Class 144e: A case of evolution and collaboration

Source: RTM Apr/May 16

Helen Simpson and Chandra Morbey, engineering and supplier development managers at Porterbrook, explain how close collaboration with the supply chain can help deliver prototypes impressively fast and with greater freedom for all parties involved.

The Pacers are a hardworking fleet and well used across several TOCs, but in recent years have had a poor passenger reputation. This led Porterbrook to develop a new evolution of the design and create a radically different customer experience of these vehicles. 

The Class 144 fleet, owned by Porterbrook Leasing, was the final design iteration of the Pacer fleet. These units are lightweight compared to other DMUs and this contributes to their cost-effective operation and good acceleration. 

The aim of the project, called Class 144e, was to develop a transformational interior, trial and develop new technology, be compliant with the new PRM-TSI legislation which requires trains to provide a range of facilities for people with reduced mobility, and to do all this at a fraction of the cost of a new DMU. Given increasing ridership and the timescales of the electrification programme, Porterbrook considered there was a market for these units with the right combination of specification and commercial offer. 

New approach 

However, a new approach was needed to deliver this ambitious transformation in the timescales, and so Porterbrook entered a collaborative partnership with the supply chain. Two key partners were Ricardo Rail, who led the whole design, integration and independent approval, and RVEL, who led the physical equipment installation and testing, providing the workshop and labour. With Porterbrook, Ricardo Rail and RVEL all based in Derby, a strong team ethos developed and enabled quick decisions to be made. Dg8 design carried out the interior visualisation work, which gave the team a clear and early vision of the transformation that was expected. 

The collaboration continued throughout the supply chain, and several companies agreed to support the project with new or innovative products. Having a demonstration project allowed suppliers to showcase some new developments. Several companies agreed to support the project, including: 

  • The first installation of a new type of accessible toilet module from Birleys. This module was innovative as it can be delivered in two halves for easy installation
  • A new full colour LCD passenger information display screen and media screens from TrainFX. This system is linked to the train’s Ethernet backbone and can provide real-time updates, automated visual and voice announcements and video images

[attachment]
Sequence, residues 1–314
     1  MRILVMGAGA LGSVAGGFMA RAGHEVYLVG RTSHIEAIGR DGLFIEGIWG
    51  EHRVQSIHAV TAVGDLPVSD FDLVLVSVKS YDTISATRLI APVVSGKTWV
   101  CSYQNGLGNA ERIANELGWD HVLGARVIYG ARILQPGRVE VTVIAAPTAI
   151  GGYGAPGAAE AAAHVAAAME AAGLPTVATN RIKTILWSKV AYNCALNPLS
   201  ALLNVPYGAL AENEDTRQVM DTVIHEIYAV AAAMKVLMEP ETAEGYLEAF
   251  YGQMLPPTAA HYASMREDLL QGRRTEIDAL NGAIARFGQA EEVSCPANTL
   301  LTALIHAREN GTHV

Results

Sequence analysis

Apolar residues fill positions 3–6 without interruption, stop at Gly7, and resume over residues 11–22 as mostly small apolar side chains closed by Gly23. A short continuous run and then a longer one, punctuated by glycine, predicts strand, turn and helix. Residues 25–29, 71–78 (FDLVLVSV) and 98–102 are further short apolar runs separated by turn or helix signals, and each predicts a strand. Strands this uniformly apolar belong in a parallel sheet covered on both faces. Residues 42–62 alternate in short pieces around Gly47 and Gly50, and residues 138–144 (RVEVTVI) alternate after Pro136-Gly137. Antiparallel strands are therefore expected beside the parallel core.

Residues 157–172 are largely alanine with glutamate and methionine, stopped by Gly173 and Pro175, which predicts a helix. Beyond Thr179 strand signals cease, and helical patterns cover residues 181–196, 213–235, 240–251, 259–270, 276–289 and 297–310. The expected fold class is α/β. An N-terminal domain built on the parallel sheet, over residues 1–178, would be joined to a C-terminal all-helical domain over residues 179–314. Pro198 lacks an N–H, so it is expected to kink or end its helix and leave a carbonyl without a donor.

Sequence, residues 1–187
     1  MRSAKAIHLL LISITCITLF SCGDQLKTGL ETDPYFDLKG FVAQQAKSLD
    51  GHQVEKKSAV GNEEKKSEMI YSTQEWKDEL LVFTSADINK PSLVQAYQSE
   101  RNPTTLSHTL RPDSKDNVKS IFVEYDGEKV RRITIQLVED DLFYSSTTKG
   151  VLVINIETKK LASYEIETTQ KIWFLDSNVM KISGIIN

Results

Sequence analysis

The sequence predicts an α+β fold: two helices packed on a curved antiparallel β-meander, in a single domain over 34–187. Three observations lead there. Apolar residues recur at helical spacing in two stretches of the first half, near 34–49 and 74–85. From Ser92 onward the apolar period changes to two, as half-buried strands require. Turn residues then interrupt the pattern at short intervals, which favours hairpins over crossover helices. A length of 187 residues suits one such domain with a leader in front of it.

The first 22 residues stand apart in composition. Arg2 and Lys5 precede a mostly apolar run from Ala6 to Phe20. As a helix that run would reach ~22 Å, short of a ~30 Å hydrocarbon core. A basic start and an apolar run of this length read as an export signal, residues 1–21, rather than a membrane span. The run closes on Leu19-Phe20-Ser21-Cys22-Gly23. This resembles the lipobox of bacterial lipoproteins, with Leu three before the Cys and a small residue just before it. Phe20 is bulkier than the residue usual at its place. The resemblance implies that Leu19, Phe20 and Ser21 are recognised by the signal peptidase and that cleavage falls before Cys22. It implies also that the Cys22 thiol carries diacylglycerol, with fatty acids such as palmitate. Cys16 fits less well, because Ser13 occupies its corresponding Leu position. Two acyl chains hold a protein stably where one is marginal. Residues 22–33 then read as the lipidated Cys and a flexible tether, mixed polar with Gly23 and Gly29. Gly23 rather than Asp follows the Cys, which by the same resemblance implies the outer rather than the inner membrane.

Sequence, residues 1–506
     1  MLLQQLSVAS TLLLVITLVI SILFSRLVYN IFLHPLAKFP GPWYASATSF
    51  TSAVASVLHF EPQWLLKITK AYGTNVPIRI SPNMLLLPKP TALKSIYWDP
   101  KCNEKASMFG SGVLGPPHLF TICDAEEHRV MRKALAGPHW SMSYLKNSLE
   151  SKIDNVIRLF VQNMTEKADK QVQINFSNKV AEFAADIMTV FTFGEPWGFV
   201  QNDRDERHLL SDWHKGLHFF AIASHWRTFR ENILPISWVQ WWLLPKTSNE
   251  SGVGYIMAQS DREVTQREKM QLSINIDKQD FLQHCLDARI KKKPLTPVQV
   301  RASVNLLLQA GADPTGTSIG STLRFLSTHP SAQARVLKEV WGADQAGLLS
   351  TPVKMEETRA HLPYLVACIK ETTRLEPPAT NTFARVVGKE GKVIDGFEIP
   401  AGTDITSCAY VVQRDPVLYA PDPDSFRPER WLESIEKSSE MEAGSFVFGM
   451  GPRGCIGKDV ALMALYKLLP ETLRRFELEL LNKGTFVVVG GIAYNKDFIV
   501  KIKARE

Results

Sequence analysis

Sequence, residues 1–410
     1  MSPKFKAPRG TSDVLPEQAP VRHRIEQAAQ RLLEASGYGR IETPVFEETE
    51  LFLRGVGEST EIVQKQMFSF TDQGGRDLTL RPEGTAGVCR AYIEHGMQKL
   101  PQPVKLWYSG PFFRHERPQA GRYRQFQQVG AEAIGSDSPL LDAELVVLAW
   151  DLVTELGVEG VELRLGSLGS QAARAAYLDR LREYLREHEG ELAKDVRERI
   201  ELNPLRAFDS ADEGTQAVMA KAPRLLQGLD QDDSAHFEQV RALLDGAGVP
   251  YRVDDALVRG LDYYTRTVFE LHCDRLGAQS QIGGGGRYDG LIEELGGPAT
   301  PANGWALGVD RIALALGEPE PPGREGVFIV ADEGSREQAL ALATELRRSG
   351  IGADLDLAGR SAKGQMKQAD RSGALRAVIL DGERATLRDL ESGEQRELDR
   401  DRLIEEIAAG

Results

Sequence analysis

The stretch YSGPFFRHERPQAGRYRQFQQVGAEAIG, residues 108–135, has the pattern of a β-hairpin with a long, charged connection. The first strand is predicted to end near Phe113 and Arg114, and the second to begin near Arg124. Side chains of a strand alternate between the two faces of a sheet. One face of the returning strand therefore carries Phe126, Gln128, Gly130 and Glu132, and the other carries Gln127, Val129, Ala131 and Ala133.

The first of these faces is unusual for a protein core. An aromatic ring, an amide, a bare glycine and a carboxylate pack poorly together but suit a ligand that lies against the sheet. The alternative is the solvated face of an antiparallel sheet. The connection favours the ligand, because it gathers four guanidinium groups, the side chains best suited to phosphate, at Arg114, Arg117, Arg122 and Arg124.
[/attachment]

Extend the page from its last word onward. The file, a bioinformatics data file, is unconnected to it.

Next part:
• New seats were fitted throughout based on the Fainsa design used on other Porterbrook vehicles and new flooring was supplied by Altro
  • A new lighting gondola supplied by Invertec
  • R2P supplied a CCTV system for both the saloon and forward facing cameras, which links in to the Ethernet supplied by UR Group 

New Flooring Seating 

Significant transformation 

Working collaboratively, a new design was developed and a demonstration unit 144012 was transformed to become the 144e ‘evolution’.  The transformation was significant – a light, bright and airy feel was created, which is comparable to a new build. And the joined-up approach delivered this new concept in impressive timescales: from starting design work to the completed unit re-entering service was only 10 months. 

The feedback from passengers has been extremely positive and the team has been delighted. Comments included: “well done on your refurbishment, and not before time”; “a huge improvement”; “would be fantastic to see this standard on all carriages”. 

Working as a single team has been a learning curve for all parties, and has overall been a positive experience for all partners. Ricardo’s design team better understand Porterbrook’s business objectives and RVEL has implemented process improvements following the work on Class 144e, which mean it is well placed to deliver future projects for Porterbrook.

System suppliers in particular appreciated the freedom the approach gave them to develop the design or trial new technologies during the project, rather than needing to have everything finalised before they could even tender, as is the case typically.  

Porterbrook has tangible benefits too – new products ready for the next refurbishment and suppliers ready to deliver them. 

As the franchise process continues, the ongoing role of the Pacer fleet will become clearer – but for anyone considering the future of the Class 144s, unit 144012 is currently operating in passenger service in the Northern area and is well worth a visit to see the transformation that can be made.

Tell us what you think – have your say below or email [email protected]



Marc Cherry   20/01/2017 at 17:33

Only a Pacer unit however a vast improvement to travel on. If other Pacer units refurbished to this standard they could still have a future. No fan of Pacers but 144e is really good. What must really go are the 153's in today's overcrowded railway just what is the point of a single car unit? Horrific overcrowding on them and passengers regularly left on platforms due to lack of capacity ala EMT grimsby to Newark services

David Knowles   04/02/2018 at 23:10

Was surprised to see this unit at Preston Station last night. Only got a look from the outside, but pretty impressed by what I saw. Only problem not addressed though is the inherent 'roller-coaster' like ride experienced on Pacers due to their wheel arrangements being based on a Leyland bus.

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